THE PENNINE 1000
June 23 to 27, 2021
Pennines, the Yorkshire Dales,
the Cheviots and the Southern uplands of Scotland.
A new addition to our competition series, the Pennine 1000 is a stunning journey exploring the hidden gems across the backbone of Britain
This thrilling four-day event will see us rallying across the hills and mountains of northern Britain, taking in the stunning scenery of the Pennines, the Yorkshire Dales, the Cheviots and the Southern uplands of Scotland. We will pass through unspoiled villages, explore beautiful landscapes and drive along some of the most dramatic and satisfying roads anywhere in the country.
Day one sees us setting off from the start line at Northumberland’s historic Slaley Hall which we stay at for all four nights and heading south into the majestic Northern Pennines and the Yorkshire Dales beyond. The distinctive rolling countryside plays host to heather moors, free-ranging sheep, wildflower meadows and ancient woodland, with the occasional reminder of the area’s mining and industrial past.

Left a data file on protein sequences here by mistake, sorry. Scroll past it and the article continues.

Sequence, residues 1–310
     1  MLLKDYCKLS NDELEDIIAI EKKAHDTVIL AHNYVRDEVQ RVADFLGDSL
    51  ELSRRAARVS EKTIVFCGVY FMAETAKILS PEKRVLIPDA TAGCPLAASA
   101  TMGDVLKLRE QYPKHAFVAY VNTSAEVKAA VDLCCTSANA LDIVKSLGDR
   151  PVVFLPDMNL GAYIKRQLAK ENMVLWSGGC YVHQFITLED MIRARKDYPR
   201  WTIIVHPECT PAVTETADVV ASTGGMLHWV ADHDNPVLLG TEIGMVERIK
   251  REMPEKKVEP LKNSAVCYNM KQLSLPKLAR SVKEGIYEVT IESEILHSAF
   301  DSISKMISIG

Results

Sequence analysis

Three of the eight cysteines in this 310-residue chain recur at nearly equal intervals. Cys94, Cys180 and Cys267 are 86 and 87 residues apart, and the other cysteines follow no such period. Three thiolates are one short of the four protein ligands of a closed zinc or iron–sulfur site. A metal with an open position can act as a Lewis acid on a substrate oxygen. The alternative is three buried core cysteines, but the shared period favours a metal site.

We head across the country towards Hadrian’s wall on our second day and venture over the border into Scotland’s Southern Uplands. Here we will have the roads pretty much to ourselves, as we climb up and across a landscape of heavily glaciated mountain valleys, with tumbling upland rivers, and through ancient forests and characterful market towns.
On the final day, our route takes us northwards into the heart of the Northumberland National park and across the rolling hills of the Cheviots, straddling the Anglo-Scottish border. and to the northernmost quarters of England. This is an undisturbed part of the country, crisscrossed with the routes of ancient cattle drovers and with the ruins of ancient hillforts peppering the landscape.
The regularity will take place on quiet roads which you can enjoy to their fullest while testing the skills of your navigator. There is no night-time driving and the route will be on tarmac.
Unfolding over four days In June, this stunning journey along the UK’s longest mountain range is sure to reignite your sense of adventure and rekindle your love of the Great British countryside.
Our adventure begins at the historic Slaley Hall a magnificent Edwardian 5-star hotel set in 1,000 acres of Northumberland moorland and forest. Arrive for check in at 2pm and register your car – afterwards you can take advantage of the facilities: book a spa treatment, take a dip in the indoor heated pool, or play a round of golf on one of their two 18-hole championship courses.
Rally Day 1